When London was announced as the host of the 2012 Olympics, I was indifferent. Six months ago as the event was looming closer, I was petrified. Now twenty two days before this THING begins, I'm finally ever so slightly excited. Not so much about the actual event itself but for the collective amount of STUFF that is going to be happening around the Olympics. This is quality journalism right here – THING, STUFF – words that convey completely lack of knowledge as to what is going on because I don't want to know until it all actually starts happening.
Part of the STUFF that is going on around the Olympics (and though I may not know much, I do know that there will be much STUFF), includes the London 2012 Festival, the cultural Olympiad that will accompany the games. The ever-excellent V&A of course has done their bit by unveiling the Britain Creates 2012: Fashion + Art Collusion exhibition, aided by the British Fashion Council. Nine British fashion designers have been paired up with nine British concemporary artists and the results all bring their respective disciplines and specialities together in cohesive pieces that thankfully don't feel like forced-fed commissioning.
Enter the exhibition and you're greeted by the opportunity to stand under milliner Stephen Jones and installation artist Cerith Wyn Eva's "Celestial Bonnet", a halo that subtly incorporates the five Olympic rings. Wyn Evans' lines of LED lights mirror the fluid and freehand lines of Jones' sketch. I like the looks on people's faces as they stand beneath it, stare up as if to say "W-O-W MAGIC!"
Jonathan Saunders paired up with the young sculptor Jess Flood-Paddock and together they threw a few of Saunders' jumpers directly onto the exposing plate to create two hundred screen prints on polypropylene. The jumper shapes are no longer discernable and instead, collectively these plastic panels hang on a perspex rod forming a bank of colour, changing as you move around it. From afar, it looks terribly precise and perhaps slightly sterile but upclose, when you see the texture of the screenprint, you begin to warm to it.
Nicholas Kirkwood's throught process of a shoe coming together or his interpretation of the saying "being up in the air" is interpreted thorough this "Dissecting Waltz" spinning installation together with artist Simon Periton. The shoe parts, contributed by Kirkwood are surrounded by cast resin scalpels, a recurring motif in Periton's work, looking like a viscious machine that is capable of both destroying and creating.
You could spot Mary Katrantzou's contribution a mile away as she paired up with the digitally like-minded artist Mark Titchner to create this upbeat video animation "Tint the Pallid Landscape (off to the wars in lace)". This curiously named video brings together Katrantzou's recognisable prints in a scrolling landscape together with Titschner's text which feels like motivational therapy. The words Strength, Courage, Speed, Power, Stamina, Agility, Resilience, Passion, Precision and Ambition are all deliberately chosen Olympic and Paralympic qualities.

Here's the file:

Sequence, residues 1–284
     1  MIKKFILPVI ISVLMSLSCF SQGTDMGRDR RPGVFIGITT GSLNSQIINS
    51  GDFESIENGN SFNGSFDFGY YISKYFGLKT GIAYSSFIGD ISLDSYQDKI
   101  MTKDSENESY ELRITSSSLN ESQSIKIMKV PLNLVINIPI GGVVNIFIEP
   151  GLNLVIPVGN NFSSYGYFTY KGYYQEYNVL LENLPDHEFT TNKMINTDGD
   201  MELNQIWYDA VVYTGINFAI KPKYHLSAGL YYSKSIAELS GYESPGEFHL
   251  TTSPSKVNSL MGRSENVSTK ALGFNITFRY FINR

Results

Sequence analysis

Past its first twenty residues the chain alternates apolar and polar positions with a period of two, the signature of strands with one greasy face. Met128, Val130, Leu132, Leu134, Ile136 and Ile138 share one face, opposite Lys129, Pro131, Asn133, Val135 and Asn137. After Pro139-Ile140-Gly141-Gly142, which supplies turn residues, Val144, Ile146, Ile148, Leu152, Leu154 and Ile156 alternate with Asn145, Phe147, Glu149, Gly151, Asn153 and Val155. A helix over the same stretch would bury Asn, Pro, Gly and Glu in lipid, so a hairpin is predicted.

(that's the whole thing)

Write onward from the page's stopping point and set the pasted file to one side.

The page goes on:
Two Matthews came together as Matthew Williamson embellished a giant Mat Colishaw photographic print. Naturally Williamson gravitated towards Colishaw's minute study of butterflies. Williamson uses his signature modes of beading to pick out the iridescent scales of this broken butterfly, which is why it's difficult to make out what it is from looking at the canvas. The beading is especially effective when you go up close to it.
I really loved Hussein Chalayan and Gavin Turk's contribution to the exhibition. Together they created a track Four Minute Mile, a speed record that the British athlete Roger Bannister broke. The track begins with the pounding of running feet, the sound of breathing and Chalayan (who isn't adverse to a spot of singing/performing as evidenced from his past shows) provides the melodic echo to Turk's speaking voice as he talks about his role as an artist. This was the one installation where both Chalayan and Turk did something quite different from their usual practise. If listening to Muse's official Olympics song "Survival" makes you want to vom, then this is a brilliant alternative.
I think a great deal of people would love to see Giles Deacon and Jeremy Deller's jointly created running suit and matching train on an athlete in action. The stained glass window print was inspired by William Morris and the arts and crafts movement and the figure comes with a leather lashed staff and a crested headdress of leaves and feathers. It would be a magnificent sight to see for sure.
Peter Pilotto and Francis Upritchard took a different approach towards sporting and brought together Upritchard's use of human figures with Pilotto and Christophe de Vos' print and embellishment work to create this graceful figure arched into a yoga pose. The fishscale decoration comes from the duo's S/S 12 collection and when applied with a wild flurry of colours onto this figure of contemplation, the result almost looks like a religious relic. Furniture Designer Martino Gamper has also made an appropriate plinth for the figure, contributing to this trio of sculpture, fashion and furniture that sums up why discplines need to come together more often.